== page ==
Feedforward ANC uses a DSP or other ANC processing hardware to map the noise signal to the frequency response you will actually hear on the inside of your headphones. Whether it’s an impulse noise or continuous external loud sounds, the feedforward microphone picks up the noise before your ear does and adjusts the signal given to your ears by the internal speaker, cancelling out the noise being sent to your ear. Basically the same as impulse noise reduction, but feedforward ANC is better for more complex sounds because it’s a more complex algorithm. However, feedforward ANC is not as accurate as placing a mic inside the ear.
That’s where feedback ANC comes in. The opposite of feedforward, feedback ANC places the microphone inside your earpiece. The feedback microphone detects noise that has made it into your ear/ear canal, working with electronics to remove the noise from the signal while also adding a signal that cancels the noise that’s getting into your ear.
With feedback ANC, we’re taking passive noise reduction, impulse noise reduction and feedforward active noise cancellation a step further. The feedback microphone detects the actual noise that’s in the ear, leveraging even more effective algorithms to provide additional decibels (dB) of noise reduction by putting an extra signal in the ear that cancels out the noise that’s actually getting into the ear. The big bonus is that noise captured by the feedback microphone more accurately reflects noise you hear, regardless of the exact positioning and fit of the headphones.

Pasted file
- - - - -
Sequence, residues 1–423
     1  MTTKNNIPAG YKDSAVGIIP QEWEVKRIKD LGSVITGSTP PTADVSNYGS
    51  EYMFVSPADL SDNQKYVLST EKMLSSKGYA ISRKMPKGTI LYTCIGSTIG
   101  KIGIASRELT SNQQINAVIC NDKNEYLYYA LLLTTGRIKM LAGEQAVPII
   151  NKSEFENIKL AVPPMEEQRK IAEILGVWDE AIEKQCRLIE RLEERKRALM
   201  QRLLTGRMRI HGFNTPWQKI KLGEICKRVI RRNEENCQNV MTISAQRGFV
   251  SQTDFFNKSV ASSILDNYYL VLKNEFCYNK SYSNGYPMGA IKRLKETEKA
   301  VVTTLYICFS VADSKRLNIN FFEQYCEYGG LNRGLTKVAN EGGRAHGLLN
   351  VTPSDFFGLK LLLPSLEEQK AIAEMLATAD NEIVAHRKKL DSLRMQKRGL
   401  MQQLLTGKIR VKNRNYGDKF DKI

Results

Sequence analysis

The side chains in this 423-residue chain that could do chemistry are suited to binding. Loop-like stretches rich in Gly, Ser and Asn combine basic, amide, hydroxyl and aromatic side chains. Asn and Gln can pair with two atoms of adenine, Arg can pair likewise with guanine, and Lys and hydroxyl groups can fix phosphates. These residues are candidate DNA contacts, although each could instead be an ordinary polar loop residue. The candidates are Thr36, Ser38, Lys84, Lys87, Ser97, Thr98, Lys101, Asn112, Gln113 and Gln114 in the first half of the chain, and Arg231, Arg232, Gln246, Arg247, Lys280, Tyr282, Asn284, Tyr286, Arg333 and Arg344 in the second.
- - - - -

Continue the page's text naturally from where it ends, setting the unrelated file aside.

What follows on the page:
The best of both worlds, hybrid ANC combines both feedforward and feedback microphones and processing to achieve maximum effectiveness by augmenting whatever passive noise reduction your ear protection device is giving you.
At the end of the day, it’s important to understand the three main types of ANC because that knowledge helps inform the best option for your application. Challenges with feedback or not enough high-frequency cancellation could mean you would be better suited to go with feedforward. Alternatively, if the noise cancellation leaves a bit to be desired, you might want to switch from feedforward to feedback or hybrid. When done right, hybrid ANC should ensure a nice quiet listening environment without any issues.
At Cardinal Peak, we’re well versed in all three types of ANC and possess the expertise to successfully deliver consumer audio products that use all three ANC types and leverage signal processing to achieve the highest level of performance. Stay tuned for additional blog posts that discuss ANC at the mic and intellectual property (IP) options for implementing ANC.